Kent Refugee Action Network (KRAN) spokesperson Bridget Chapman has raised concerns over the isolated location of the camp, which has allowed right wing extremists to harass residents as they leave the facility.

Ms Chapman also raised concerns that keeping refugees separate from the local community was counterproductive to their integration into society.

What have people said about the reopening?

Care4Calais founder Clare Moseley said: “It’s terrible to see people moving back into Napier Barracks given all the traumatising effects we have seen it have on vulnerable people.

“When our friends are notified they will be going there, they are shocked and afraid.

“Putting them through this unnecessary stress and fear is wanton cruelty.

KentLive uses the term people when referring to those who cross the Channel and arrive on our shores.

That's because, regardless of their status at the point of entry, those moving from one country to the other are human beings.

You will have seen them commonly referred to as migrants. This is not incorrect.

The UN Migration Agency defines a migrant as – any person who is moving or has moved across an international border or within a state away from his/her habitual place of residence, regardless of the person’s legal status, whether the movement is voluntary or involuntary, what the causes for the movement are, or what the length of the stay is.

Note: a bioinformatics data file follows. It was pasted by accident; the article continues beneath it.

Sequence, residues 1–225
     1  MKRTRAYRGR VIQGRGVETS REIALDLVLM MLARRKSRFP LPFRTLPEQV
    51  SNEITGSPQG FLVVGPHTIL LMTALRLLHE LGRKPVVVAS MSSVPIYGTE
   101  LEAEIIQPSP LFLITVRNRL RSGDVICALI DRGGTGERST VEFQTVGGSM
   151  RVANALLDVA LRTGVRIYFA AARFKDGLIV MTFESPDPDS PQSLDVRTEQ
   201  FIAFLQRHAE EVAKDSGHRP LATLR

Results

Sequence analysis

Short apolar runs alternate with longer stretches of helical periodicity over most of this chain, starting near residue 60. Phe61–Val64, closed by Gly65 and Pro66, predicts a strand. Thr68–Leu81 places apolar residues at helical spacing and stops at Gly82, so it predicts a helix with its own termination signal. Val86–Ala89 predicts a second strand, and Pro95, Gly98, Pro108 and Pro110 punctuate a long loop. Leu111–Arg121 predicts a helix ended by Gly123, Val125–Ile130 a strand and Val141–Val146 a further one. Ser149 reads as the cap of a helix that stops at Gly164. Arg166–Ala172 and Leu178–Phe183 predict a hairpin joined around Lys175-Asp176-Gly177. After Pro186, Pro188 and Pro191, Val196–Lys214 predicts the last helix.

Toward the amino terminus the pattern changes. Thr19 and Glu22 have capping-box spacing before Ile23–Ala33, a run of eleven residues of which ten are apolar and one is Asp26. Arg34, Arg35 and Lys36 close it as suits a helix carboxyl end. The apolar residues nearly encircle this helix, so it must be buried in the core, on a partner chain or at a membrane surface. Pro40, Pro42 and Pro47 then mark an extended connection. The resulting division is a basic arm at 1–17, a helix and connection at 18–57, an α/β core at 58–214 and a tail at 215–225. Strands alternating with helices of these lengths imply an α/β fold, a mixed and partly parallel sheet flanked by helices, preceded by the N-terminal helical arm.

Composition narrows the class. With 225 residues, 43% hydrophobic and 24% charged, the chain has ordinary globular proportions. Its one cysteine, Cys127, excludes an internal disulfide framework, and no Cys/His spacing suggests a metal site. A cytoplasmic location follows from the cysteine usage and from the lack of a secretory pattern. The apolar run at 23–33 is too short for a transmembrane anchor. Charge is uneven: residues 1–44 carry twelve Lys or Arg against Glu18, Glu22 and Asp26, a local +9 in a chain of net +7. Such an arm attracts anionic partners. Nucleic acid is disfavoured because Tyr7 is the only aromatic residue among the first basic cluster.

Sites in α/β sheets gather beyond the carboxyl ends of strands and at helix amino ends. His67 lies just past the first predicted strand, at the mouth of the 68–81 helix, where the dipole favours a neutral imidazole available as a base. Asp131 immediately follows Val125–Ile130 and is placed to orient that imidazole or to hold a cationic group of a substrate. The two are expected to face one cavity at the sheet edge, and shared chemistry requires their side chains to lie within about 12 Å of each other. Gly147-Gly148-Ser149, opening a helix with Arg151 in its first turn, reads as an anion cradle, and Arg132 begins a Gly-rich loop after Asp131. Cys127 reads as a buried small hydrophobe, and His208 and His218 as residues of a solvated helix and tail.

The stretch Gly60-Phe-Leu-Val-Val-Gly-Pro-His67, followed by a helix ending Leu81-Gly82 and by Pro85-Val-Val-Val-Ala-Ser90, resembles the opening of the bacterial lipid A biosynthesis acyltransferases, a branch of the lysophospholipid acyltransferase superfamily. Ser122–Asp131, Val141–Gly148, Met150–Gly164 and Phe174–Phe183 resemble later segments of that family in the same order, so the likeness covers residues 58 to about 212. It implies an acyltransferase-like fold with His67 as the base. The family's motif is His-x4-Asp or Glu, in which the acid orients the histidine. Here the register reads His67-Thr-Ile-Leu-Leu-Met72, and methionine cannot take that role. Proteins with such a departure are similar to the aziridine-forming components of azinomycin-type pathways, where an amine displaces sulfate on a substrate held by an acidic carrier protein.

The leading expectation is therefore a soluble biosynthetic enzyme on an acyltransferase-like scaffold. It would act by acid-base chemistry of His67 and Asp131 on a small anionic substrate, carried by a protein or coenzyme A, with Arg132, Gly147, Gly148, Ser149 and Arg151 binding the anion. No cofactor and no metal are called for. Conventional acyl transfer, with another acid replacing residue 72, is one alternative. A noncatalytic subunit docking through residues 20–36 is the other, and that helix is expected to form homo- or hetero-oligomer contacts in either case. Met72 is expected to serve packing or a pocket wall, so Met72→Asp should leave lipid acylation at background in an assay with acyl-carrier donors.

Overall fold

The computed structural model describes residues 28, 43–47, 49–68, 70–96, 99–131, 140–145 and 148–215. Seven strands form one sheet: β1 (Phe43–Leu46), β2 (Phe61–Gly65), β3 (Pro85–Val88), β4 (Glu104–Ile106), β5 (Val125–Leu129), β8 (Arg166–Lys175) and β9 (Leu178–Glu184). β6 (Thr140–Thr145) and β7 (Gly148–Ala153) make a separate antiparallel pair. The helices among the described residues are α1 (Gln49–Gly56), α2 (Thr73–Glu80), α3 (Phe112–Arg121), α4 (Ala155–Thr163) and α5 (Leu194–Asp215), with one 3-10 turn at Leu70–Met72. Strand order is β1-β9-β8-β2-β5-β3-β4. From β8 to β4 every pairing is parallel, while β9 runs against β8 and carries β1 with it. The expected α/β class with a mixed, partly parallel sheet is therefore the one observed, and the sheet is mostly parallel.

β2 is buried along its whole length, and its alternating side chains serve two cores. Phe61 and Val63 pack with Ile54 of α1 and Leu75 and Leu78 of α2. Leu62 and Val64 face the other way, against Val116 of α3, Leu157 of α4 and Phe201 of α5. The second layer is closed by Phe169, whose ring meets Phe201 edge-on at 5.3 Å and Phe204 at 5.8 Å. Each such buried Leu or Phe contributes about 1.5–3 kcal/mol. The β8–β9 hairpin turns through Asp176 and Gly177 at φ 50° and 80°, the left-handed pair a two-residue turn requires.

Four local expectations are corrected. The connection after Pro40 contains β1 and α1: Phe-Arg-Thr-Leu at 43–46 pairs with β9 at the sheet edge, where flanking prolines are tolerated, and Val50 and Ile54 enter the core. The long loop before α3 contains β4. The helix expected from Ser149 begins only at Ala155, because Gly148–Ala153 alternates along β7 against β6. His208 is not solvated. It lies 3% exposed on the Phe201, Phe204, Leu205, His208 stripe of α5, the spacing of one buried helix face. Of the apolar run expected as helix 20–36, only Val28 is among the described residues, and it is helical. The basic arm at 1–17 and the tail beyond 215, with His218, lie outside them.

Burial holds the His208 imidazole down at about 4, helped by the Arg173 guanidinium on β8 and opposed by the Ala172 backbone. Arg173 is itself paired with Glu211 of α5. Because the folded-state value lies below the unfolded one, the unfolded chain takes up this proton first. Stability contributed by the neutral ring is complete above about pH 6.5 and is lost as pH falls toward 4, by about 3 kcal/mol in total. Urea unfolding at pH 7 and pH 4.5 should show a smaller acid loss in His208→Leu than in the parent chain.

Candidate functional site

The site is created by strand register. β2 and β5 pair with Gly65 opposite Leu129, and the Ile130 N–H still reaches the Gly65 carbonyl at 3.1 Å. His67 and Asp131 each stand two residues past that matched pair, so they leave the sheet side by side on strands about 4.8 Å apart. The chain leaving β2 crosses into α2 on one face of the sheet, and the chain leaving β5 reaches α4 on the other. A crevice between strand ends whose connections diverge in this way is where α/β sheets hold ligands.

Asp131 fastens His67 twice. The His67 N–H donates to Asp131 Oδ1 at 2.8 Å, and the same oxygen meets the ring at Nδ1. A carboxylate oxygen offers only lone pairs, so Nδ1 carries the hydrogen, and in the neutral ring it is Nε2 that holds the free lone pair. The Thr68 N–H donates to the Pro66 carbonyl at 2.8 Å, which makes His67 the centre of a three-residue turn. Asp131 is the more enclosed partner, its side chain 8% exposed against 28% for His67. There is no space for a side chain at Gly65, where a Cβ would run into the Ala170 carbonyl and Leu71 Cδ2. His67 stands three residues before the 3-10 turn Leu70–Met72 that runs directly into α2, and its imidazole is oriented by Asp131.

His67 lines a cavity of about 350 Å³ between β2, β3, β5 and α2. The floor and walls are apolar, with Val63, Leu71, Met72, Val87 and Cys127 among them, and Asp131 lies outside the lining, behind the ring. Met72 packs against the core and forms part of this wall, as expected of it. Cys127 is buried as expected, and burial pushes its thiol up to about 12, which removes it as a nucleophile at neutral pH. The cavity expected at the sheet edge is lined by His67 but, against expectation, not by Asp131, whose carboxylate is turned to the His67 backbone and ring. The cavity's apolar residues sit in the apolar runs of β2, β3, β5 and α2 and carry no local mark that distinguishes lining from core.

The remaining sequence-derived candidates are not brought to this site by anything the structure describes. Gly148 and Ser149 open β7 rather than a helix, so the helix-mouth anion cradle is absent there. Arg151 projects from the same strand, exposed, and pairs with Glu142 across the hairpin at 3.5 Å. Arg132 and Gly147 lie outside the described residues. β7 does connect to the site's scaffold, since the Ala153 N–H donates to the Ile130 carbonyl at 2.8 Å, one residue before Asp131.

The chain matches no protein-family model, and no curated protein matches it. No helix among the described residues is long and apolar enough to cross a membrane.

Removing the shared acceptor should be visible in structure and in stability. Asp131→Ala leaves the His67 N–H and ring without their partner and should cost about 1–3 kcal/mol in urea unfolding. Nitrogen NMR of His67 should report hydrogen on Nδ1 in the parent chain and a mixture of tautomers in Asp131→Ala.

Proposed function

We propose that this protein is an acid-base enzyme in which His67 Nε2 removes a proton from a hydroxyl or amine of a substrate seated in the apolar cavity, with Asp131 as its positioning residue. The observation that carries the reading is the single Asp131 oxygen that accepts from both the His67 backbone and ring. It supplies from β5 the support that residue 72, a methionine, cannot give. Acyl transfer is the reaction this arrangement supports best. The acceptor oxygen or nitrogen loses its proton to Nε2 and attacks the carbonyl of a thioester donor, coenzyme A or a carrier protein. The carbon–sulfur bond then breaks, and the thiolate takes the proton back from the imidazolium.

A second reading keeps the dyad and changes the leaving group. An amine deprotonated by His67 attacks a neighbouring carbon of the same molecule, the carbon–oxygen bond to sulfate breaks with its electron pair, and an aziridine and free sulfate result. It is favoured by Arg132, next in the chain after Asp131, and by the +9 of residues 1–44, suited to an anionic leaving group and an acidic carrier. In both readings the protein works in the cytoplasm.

KentLive also refers to people in these circumstances as refugees.

The UN definition of refugees is – people who are outside their country of origin for reasons of feared persecution, conflict, generalised violence, or other circumstances that have seriously disturbed public order and, as a result, require international protection.

“Small improvements may have been made but it is still an Army barracks and this induces fear in those fleeing conflict; people are still in shared dormitories which cannot be COVID safe; they are still cut off from communities that can help them."

KRAN spokesperson Bridget Chapman has also expressed surprise and disappointment about the reopening, stating:

"Public Health England advised against it, the Chief Inspector of Prisons wrote a damning report, across the migrant and refugee sector, there is no NGO that thinks it’s a suitable place to house people," she said.

"We were fully expecting they would close this one too [alongside the Penally facility].”

Referring to the use of Napier as a sort of deterrent to those considering crossing the channel, Ms Chapman added: "Somehow, the Home Office believes by giving people such an unpleasant place to stay, that people in France would decide not to make the crossing.

"There are very specific reasons why people are coming here – they are not going to stop, and we have to find a better way of dealing with this because it is shameful."

Original Article